“A half dozen is six, and a dozen is 12,” our server reminded us as we scanned the oyster board, debating between Carolina Cups, Blue Points, and Cape May Salts — as if the loud, fluctuating wave of bass-bumping island music was enough to dump the duodecimal file from my brain’s vault  — but a courteous reminder nonetheless.

The huge oyster board inside the Oyster Room displays a changing list of oysters (including prices and harvest date), the fresh fish of the day (most recently Sheepshead, $18.95), and the fresh catch sandwich. It’s visible to the entire bar, dining room, and the eager Folly Beach tourist poking his head inside the doorway to see what the place is all about.

Gulf oysters ($6.95 half dozen/$10.95 dozen) are a more or less permanent fixture on the board, while Beavertails, Umami, and Blue Points ($12.95/$23.95) appear now and then. On our first visit, there were no local oysters, but we were happy to see Carolina Cups on the board the following week. Oysters are served raw on the half shell with cocktail sauce, horseradish, pear mignonette, and lemon wedges. About half of our oysters were properly shucked; the rest required some work to extricate them and a few should have never made it to the tray, as they neither looked nor tasted good. A little TLC would take care of this.

Served in a large cappuccino mug, the small portion of “he crab” soup is rich and creamy ($4.95/$6.95). It’s a decent rendition, without the roe and sherry garnish. A little more of that TLC and attention to detail would have helped here too, as I came across a piece of shell in a spoonful halfway to my mouth.

The menu continues the seafood theme with dishes like wood-grilled barbecue oysters, snow crab legs, and jumbo lump crab cakes. The Cajun fried oysters ($9.95) amounted to a lot of soggy breading with an oyster hidden inside. The serving of remoulade and plain carrot sticks on the side don’t help this sad interpretation of a classic.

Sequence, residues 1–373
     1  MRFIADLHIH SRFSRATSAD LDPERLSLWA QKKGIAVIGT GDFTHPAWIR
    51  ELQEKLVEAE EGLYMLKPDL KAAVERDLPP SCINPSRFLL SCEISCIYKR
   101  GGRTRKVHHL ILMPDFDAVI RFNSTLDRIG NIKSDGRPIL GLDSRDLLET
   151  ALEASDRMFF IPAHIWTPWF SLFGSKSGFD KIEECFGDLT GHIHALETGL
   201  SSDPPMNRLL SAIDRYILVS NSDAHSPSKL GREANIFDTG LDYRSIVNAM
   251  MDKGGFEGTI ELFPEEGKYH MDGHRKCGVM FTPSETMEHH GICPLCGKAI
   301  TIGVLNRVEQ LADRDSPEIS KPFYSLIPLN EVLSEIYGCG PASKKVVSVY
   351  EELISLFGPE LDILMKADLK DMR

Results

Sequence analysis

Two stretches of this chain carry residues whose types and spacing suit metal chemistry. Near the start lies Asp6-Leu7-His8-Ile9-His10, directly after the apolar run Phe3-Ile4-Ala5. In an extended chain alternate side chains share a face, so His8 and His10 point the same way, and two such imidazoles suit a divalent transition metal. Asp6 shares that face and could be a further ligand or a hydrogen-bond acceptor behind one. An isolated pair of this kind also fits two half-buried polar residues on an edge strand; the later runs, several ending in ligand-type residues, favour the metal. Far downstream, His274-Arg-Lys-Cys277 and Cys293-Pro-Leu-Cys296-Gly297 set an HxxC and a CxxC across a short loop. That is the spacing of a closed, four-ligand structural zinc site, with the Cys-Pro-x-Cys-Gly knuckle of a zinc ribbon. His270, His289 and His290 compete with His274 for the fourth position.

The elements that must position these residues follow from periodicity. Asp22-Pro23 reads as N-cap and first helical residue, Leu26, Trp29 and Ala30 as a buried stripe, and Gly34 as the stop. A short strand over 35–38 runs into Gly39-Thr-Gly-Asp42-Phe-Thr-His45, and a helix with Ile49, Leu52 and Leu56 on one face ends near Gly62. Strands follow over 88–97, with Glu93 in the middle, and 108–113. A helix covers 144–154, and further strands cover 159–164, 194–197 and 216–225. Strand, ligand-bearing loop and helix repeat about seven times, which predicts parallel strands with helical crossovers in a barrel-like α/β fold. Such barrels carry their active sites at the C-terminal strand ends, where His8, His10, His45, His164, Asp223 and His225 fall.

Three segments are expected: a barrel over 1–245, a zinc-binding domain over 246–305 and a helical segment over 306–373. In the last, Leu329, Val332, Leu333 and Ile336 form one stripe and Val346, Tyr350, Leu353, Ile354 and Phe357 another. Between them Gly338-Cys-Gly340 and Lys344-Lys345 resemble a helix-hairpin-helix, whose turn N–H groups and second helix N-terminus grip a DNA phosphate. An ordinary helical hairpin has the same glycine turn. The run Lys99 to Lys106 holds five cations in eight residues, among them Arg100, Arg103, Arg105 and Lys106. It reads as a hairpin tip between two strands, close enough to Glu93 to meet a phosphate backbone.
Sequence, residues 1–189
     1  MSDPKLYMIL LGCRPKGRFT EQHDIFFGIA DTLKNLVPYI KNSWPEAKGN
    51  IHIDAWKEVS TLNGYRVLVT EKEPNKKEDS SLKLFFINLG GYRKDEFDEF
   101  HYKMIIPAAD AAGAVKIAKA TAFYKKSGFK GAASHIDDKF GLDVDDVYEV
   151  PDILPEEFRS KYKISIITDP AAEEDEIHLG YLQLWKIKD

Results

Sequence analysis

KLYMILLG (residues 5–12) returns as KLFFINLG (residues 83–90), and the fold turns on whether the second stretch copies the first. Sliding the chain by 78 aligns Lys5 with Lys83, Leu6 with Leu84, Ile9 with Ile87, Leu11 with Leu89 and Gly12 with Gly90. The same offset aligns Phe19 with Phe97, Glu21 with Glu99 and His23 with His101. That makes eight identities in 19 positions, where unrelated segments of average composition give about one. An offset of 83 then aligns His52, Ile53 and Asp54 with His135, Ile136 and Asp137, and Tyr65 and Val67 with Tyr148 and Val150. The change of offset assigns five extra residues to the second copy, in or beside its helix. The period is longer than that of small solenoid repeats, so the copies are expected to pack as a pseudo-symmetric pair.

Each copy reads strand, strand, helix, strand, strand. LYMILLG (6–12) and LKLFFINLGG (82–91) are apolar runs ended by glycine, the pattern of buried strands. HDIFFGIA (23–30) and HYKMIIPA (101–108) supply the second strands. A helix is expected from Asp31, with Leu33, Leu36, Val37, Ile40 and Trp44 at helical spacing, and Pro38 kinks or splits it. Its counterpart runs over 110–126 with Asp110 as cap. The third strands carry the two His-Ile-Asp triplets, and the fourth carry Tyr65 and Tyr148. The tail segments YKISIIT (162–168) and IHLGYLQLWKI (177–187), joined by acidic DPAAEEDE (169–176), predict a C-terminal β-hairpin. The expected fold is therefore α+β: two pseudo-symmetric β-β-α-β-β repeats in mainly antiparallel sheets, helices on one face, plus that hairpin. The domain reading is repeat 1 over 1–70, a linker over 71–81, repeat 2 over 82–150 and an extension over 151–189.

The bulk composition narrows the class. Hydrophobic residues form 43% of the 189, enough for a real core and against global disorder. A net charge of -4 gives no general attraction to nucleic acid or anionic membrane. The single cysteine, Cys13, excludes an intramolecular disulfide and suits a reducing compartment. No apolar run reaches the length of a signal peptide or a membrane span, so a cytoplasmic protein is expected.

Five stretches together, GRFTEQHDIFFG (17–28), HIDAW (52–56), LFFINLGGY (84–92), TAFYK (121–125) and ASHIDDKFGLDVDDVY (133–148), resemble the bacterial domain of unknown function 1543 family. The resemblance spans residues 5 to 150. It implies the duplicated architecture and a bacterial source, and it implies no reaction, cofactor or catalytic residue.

A traditional New England style split top roll cradles a hefty portion of lobster meat, but an overdose of mayo and large chunks of celery do it no favors. A lighter hand with the dressing and a finer cut on the celery would go a long way. Recently mahi mahi starred in the fresh catch sandwich ($10.95), served on a Kaiser roll with lettuce, red onion, and tomato. The kiss from the grill gave the fish a nice smoky flavor, but some citrus or sauce was needed. To the side: a standard spring green salad drowning in creole vinaigrette.

The small, dimly lit space used to be part of Snapper Jack’s, but a wall now separates the two. The décor is confusing. The wooden tables and walls are stained a dark red, the main dining room floor is bamboo laminate, and a thin stretch under the bar stools is a light wood that resembles pine. The bar itself is another shade of deep red wood with light oak trim. Laid-back beach meets subtle elegance? I’m not sure.

There’s also some confusion in the kitchen. The Oyster Room menu includes Asian tuna with egg rolls ($12.95), Asian beef skewers ($11.95), and fried rice ($5.95). The tuna was seared perfectly, but lacked seasoning and acidity. As soon as I bit into an egg roll, the jingle from La Choy started playing in my head, which had the happy effect of drowning out the aforementioned island music. They were cut in half at an angle and served with tiger sauce and a mediocre seaweed salad, but still “swung American.”  Needless to say, I didn’t bother with the beef skewers or fried rice.

The cocktail list is filled with sweet, sweet, and more sweet — like the “Vanilla Bean” with marshmallow vodka, Frangelico, cream, and chocolate swirl, the “Better Than Dessert” with Bailey’s, caramel vodka, Godiva white chocolate liqueur, and chocolate swirl, and the “Folly” with Malibu rum, orange, and pineapple ($8 each). The Oyster Room takes a heavy approach with sangria by adding citrus and orange vodka, Pinot Grigio, lemon-lime soda, and orange wedges, making it sweet and boozy. I’ll stick to the Holy City Slanted Porch pale ale every time.

There’s a hodgepodge of issues with the Oyster Room that need to be addressed. For starters, the identity — are you an oyster bar or an Asian bistro? Can you please add a bit of acidity to some of the dishes? While you’re at it, remove the lead gloves when dressing greens and mixing mayo with the lobster. Make sure each and every oyster is fully shucked and carefully selected. Individually, these may seem like small things, but collectively they add up to big problems.  But not unfixable problems — as I’ve noted, a little TLC and focus could turn things around. Until then, I’ll practice counting to 12 with Bob Marley’s “Three Little Birds” blaring in the background.